The environmental concerns about blockchain and cryptocurrency are well-known. This is not surprising considering that Bitcoin mining uses more electricity per year than all of Finland. Even those who don’t know much about blockchain, seem to have a basic understanding of the technology’s energy consumption. To truly understand blockchain, it is important to reduce its power consumption. This article aims to decode the technology and examine the role that tokenized carbon credits might play in combating climate change.
Proof of Work, a cryptographic process used by Bitcoin and Ethereum to secure transactions, is very costly to attack cryptocurrency networks. However, Proof of Work (PoW), despite its environmental benefits, comes with a high cost because of the amount of energy required by expensive and dedicated hardware mining rigs to perform the complex calculations that underlie PoW. Proof of Stake (PoS), an alternative approach, maintains network security but requires far fewer calculations and can be done easily on a desktop computer. Polygon networks use this process to avoid the large energy consumption of Proof of Work. It has already been able to reduce greenhouse gas (GHG), emissions by more than 99%.
However, beyond energy consumption, some climate tech entrepreneurs are wondering if blockchain technology has greater potential to address climate change.
A New Approach
The most promising approach is to explore how blockchain technology could reinvigorate Voluntary Carbon markets (VCM). This market was initially touted as a game-changer in global warming mitigation by incentivizing GHG emissions reductions. However, it is only now that it is being widely adopted as governments, individuals, and corporations respond to the increasing evidence and urgency of our changing climate.
VCMs were first introduced in the 1990s when individuals and organizations could buy carbon credits without having to comply with any regulatory requirements. VCM trading volumes have steadily increased since then and they are widely expected to continue to gain in popularity due to investor interest in environmental and social governance (ESG) factors and increased pressure on countries to fulfill their Paris Agreement commitments.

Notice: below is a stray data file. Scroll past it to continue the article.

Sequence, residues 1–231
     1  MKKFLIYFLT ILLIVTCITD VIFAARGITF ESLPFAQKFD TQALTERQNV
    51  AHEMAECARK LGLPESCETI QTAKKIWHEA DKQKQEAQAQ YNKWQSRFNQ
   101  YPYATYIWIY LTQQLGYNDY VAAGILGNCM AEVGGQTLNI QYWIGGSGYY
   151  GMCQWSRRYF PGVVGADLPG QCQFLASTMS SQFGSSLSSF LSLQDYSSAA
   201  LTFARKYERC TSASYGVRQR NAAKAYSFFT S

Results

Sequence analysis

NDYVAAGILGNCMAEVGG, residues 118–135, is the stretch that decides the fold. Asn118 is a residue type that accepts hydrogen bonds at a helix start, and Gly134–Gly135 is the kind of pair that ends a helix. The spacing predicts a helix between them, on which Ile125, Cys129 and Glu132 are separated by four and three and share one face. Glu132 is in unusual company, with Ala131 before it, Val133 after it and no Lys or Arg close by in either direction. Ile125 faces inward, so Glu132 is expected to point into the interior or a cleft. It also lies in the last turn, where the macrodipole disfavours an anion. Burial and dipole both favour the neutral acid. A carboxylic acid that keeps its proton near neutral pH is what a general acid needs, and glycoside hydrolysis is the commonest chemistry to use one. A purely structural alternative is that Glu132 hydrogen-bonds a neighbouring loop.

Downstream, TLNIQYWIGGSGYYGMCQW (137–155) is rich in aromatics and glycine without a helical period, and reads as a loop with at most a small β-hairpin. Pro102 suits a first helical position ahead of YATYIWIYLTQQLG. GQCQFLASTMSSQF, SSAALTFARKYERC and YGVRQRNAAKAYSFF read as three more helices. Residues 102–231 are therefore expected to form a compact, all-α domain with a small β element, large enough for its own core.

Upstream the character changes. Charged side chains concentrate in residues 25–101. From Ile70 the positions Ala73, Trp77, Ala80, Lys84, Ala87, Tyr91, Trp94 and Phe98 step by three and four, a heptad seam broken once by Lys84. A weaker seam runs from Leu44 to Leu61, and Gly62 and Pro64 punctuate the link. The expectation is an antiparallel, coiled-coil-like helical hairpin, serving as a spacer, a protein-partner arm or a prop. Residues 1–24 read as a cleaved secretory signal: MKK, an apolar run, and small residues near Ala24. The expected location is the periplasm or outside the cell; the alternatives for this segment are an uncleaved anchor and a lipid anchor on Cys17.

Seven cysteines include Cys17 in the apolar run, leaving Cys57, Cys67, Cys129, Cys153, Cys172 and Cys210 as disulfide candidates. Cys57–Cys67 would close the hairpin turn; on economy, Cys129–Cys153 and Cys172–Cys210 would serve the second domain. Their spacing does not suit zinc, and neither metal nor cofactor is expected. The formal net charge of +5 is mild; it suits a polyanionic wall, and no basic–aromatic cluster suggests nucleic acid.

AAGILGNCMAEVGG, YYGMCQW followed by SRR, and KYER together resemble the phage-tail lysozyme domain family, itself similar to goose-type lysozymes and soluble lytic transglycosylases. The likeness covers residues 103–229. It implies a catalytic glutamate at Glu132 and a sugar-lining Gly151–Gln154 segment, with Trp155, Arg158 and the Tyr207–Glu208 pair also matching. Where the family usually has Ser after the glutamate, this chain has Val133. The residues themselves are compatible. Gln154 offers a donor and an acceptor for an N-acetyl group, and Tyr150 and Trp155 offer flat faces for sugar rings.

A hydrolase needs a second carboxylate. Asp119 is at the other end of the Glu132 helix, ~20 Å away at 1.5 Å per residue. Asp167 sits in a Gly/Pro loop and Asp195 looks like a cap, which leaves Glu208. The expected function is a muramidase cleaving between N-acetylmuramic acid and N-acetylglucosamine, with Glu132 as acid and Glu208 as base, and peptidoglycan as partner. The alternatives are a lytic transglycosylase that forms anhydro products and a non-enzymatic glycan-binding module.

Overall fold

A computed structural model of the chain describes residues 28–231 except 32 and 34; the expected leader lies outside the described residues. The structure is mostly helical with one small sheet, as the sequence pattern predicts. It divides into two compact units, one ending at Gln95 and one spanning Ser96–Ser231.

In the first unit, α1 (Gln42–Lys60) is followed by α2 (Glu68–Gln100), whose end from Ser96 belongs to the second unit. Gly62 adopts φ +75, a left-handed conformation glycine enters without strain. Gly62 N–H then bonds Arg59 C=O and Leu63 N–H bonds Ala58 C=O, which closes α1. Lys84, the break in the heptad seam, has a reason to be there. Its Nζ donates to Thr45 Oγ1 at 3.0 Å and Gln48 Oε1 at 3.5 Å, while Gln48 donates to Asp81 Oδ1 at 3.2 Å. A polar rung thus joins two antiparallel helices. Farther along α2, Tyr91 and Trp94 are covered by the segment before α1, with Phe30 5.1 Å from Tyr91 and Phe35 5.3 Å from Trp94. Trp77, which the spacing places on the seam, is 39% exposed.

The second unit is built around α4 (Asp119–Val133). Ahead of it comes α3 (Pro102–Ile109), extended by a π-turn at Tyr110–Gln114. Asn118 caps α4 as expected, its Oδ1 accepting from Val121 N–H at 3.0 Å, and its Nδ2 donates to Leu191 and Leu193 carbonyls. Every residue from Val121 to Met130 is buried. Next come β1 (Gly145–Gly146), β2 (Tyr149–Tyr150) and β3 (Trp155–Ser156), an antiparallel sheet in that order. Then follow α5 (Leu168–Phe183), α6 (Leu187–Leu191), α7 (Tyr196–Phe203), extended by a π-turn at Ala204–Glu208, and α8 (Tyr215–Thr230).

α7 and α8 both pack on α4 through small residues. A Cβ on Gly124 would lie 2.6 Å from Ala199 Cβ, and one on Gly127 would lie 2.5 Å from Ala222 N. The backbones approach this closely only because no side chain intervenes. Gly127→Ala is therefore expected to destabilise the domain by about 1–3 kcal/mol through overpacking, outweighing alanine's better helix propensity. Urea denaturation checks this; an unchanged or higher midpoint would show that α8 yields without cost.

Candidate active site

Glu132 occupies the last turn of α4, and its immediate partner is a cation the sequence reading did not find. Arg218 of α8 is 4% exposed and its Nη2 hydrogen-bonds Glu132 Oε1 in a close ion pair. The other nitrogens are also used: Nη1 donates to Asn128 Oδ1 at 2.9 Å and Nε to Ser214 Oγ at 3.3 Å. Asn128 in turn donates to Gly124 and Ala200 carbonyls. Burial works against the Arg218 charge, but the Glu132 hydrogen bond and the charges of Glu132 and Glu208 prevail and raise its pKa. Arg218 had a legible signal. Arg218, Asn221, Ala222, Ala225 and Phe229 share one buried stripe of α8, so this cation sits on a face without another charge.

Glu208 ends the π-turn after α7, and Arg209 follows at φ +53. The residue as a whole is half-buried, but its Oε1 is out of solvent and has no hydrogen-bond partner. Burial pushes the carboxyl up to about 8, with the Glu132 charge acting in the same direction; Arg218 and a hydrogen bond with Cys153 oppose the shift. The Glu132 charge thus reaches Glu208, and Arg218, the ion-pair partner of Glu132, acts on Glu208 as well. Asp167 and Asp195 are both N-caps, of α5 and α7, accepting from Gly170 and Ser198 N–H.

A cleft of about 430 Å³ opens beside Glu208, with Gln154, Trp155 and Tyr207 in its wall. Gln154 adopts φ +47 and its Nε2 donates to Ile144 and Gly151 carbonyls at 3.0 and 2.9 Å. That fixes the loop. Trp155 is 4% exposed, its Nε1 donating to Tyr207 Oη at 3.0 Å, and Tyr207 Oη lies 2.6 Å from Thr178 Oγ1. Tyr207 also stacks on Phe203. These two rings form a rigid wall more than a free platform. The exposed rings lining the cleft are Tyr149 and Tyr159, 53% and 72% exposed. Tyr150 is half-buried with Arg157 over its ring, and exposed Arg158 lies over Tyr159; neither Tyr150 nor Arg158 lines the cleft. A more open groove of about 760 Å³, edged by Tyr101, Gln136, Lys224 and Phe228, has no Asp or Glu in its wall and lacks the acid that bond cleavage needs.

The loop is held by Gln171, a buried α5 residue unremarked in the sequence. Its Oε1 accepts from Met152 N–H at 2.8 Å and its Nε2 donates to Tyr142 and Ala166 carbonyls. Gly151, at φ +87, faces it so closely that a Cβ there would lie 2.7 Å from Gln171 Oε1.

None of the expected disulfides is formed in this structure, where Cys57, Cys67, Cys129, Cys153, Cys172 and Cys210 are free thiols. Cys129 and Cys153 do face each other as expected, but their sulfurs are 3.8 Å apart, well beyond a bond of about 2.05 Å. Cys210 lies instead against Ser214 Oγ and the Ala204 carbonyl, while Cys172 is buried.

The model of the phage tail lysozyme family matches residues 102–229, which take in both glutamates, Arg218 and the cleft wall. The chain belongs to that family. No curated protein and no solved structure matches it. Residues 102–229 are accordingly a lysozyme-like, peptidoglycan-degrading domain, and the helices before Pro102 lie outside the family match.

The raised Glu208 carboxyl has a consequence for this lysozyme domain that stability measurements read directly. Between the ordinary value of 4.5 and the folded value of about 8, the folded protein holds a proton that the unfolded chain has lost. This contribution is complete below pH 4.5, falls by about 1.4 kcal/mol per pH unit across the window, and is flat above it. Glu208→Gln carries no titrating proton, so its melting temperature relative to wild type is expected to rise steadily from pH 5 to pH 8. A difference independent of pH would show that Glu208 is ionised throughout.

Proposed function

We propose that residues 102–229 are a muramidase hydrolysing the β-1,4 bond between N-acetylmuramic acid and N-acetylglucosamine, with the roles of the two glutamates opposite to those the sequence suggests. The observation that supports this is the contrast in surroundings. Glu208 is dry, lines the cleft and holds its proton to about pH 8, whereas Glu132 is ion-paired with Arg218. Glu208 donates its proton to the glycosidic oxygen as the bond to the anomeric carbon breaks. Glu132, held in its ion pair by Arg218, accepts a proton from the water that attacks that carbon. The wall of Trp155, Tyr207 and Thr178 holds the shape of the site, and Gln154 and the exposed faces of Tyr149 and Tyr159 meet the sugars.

The key factor behind the increase in carbon credit utilization has been the robustness and increased quality of carbon credits issued on the markets. There are several quality standards such as the Verified Carbon Standard, (VCS), and the Gold Standard.
Despite this, there has been little progress in the last 20 years on the demand side. VCMs are known to have many flaws, especially in the supply chain, where credit is traded between consumers, brokers, and organizations. This hinders the market’s ability to scale. A McKinsey report from 2021 states that VCMs are fragmented and complex, with questionable credit sales practices and limited pricing data, which makes it difficult for buyers to determine whether they are getting a fair price and for suppliers to manage their risk on Over counter exchanges. The SEC has criticized them for not being transparent. The market must scale by integrating the gains made on the supply side with a more efficient, transparent marketplace that can increase trust and allow for scaling.
This is where blockchain technology, specifically Ethereum and Ethereum compatible blockchains, can be used to address market failures. New ways to transact assets have been created by the use of Automated Market Makers, which are transparent and open-source distributed ledger systems. These solutions are already playing a pivotal role in the cryptocurrency ecosystem. New products require efficient and liquid markets to support growth. Without them, scale is impossible.